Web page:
For fun I decided to manipulate the photo and make the Jessica figure as it should have looked - and also with an Ink and Paint Club variant.
Side Note: PVC toys have recently come under fire for not being safe. Polyvinyl chloride products are things like electrical chords, kitchen tiles and even on clothes. The fear is the chemicals may be toxic for both humans and the environment and now many toy manufacturers and hospitals are becoming PVC-Free.
Thursday, June 17, 2010
Sunday, June 13, 2010
Between 1988 - 2003 there were a only small handful of Jessica pins released. After fifteen years of very little available in terms of Jessica pins (and any Jessica merchandise for that matter) things were about to seriously change.
We are of course only counting enamel cloisonné pins (not buttons or other types of pins). The cloisonné pin trading/collecting market took off and somehow, someway, Jessica Rabbit was brought into that market - the Aloha, from Jessica pin being the first released starting her new-found fame. It is very strange and interesting that a character kept under wraps for so many years and not used in much merchandise for various rumored reasons was selected at all. One would think Roger Rabbit would be the one they chose, but that certainly was not the case. Not only were there several Jessica pins released each month in 2003, they showed Jessica in many different ways we had not seen before.
Disney took a lot of advantage of this new found fame in Jessica Rabbit. It was reported by pin collectors that her park released pins were selling out in half a day, and the pin craze had not slowed down one bit. Soon, Disney started its Disney Auctions site, run in part by eBay. The difference was, you now had the chance to bid on pins that were a Limited Edition of only 100 (as opposed to park pins that were not limited, or had a high edition sizes like 1500). Disney also started the Purchase It Now Store (P.I.N.S.) which offered different pins usually at Limited Editions of 500 and could be purchased rather than auctioned. For unknown reasons, Disney Auctions closed after only two or three years and toward the end, prices for Limited Edition 100 Jessica Pins were climbing high at auction - the highest being over $100 for a single pin.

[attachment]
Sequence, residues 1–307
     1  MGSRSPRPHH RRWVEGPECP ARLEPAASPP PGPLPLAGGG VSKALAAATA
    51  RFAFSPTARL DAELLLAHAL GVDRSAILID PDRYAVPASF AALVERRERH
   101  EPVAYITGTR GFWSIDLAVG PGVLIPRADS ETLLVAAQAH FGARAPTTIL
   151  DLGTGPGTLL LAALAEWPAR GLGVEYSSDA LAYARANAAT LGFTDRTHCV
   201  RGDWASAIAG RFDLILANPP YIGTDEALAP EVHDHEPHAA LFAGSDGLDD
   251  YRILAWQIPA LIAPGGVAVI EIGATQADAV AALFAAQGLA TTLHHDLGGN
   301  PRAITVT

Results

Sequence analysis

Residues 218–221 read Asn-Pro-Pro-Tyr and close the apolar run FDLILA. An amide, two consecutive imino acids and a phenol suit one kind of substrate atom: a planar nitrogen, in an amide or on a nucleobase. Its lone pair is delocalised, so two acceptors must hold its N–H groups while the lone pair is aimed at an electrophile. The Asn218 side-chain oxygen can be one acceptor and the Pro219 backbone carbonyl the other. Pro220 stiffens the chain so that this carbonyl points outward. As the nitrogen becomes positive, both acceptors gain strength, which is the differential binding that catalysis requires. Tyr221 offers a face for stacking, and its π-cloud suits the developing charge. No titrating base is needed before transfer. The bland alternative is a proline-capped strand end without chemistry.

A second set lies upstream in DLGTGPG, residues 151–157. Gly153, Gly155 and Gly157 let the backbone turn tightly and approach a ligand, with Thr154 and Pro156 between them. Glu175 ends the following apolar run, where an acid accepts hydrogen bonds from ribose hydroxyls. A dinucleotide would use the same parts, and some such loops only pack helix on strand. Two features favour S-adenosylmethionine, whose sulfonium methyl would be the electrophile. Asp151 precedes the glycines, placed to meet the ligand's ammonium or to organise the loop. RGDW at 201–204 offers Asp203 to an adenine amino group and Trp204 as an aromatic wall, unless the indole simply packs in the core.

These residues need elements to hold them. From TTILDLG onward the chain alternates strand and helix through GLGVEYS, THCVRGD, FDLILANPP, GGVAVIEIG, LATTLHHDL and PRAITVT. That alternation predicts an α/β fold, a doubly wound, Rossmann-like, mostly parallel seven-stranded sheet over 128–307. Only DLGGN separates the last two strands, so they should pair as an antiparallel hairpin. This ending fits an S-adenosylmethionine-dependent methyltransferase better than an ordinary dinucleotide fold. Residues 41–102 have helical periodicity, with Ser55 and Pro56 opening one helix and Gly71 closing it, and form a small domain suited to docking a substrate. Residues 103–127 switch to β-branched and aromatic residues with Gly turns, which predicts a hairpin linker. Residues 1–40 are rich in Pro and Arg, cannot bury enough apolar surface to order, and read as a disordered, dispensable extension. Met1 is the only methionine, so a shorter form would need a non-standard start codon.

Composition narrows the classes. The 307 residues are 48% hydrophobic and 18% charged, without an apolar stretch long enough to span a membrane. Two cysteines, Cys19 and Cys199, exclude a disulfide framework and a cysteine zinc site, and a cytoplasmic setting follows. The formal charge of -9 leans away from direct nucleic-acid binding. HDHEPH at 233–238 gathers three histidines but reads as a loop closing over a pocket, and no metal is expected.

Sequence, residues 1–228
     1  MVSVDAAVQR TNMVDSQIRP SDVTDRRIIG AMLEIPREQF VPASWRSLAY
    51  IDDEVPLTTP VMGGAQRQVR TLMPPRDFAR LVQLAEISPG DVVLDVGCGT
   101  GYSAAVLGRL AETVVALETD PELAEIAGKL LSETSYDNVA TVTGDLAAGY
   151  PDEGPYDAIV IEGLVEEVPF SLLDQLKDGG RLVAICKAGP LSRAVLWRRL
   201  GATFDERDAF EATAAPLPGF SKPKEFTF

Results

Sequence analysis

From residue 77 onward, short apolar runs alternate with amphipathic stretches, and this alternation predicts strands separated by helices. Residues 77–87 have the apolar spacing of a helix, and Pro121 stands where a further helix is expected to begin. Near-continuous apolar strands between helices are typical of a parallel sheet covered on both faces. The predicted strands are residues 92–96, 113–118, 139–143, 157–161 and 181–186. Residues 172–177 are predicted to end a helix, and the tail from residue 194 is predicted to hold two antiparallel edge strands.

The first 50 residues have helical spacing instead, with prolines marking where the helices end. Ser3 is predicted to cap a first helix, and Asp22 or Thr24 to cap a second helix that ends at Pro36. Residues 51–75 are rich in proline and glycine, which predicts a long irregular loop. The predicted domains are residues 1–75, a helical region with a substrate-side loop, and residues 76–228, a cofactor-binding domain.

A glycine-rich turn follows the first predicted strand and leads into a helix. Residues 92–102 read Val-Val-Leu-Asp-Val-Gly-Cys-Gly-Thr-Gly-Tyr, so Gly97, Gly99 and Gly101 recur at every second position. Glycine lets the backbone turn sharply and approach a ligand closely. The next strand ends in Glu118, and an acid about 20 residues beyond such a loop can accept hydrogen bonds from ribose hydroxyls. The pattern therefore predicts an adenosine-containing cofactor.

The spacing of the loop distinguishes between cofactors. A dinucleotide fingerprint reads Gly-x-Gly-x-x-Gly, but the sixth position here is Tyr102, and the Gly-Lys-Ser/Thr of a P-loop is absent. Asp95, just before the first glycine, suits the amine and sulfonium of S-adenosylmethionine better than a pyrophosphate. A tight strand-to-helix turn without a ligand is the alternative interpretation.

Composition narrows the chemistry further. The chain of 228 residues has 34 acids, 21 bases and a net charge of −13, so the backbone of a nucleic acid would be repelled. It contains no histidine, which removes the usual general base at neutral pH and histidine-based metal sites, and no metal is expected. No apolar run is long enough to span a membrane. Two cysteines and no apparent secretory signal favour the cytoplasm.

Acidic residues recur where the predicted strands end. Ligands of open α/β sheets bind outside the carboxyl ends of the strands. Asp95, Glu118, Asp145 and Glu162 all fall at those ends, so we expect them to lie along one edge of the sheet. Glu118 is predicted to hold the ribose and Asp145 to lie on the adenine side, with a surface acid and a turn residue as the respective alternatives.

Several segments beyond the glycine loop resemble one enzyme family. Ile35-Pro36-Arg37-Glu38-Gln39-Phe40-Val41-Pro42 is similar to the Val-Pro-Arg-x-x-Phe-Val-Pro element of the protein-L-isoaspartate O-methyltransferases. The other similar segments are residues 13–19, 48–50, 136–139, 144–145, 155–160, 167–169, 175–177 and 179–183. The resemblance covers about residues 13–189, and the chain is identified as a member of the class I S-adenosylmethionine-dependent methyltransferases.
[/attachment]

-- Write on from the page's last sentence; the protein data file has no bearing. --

After the closing of Disney Auctions, there was no time to let your wallet rest. Disney's website took over, and as if they had not taken advantage before, this was certainly the time when Jessica pin production got out of control. There was one Jessica pin every week, sometimes more. It was total madness! To further take advantage, Disney began making Mystery Pin Sets, which were eight pins "randomly" selected in a set of four, so you never knew which pins you would get.
All the pins were not in equal amounts - usually with Jessica limited to only 50, and Mickey for example limited to 1000 - which lessened your chance of getting any character in a lower addition but usually tempted you to buy more than one set. Mystery Sets made way for a Mystery Artist Proof series, which were regular pin sets with 3 or even just one artist proof pin randomly packed to any customer. The downfall was Disney clamed due to the nature of the set being a "Mystery" series, the pins were not returnable or refundable.
Suddenly, Roger Rabbit started to appear alongside Jessica more often, but it seemed that pins with her alone were selling faster. The highest Jessica Rabbit pin amount released in one month was twenty one - during October of 2006. For the first time, Jessica Rabbit was now starting to be associated with holidays such as Valentines Day, Easter, Christmas and Halloween (in which her Costume Series became highly anticipated each year).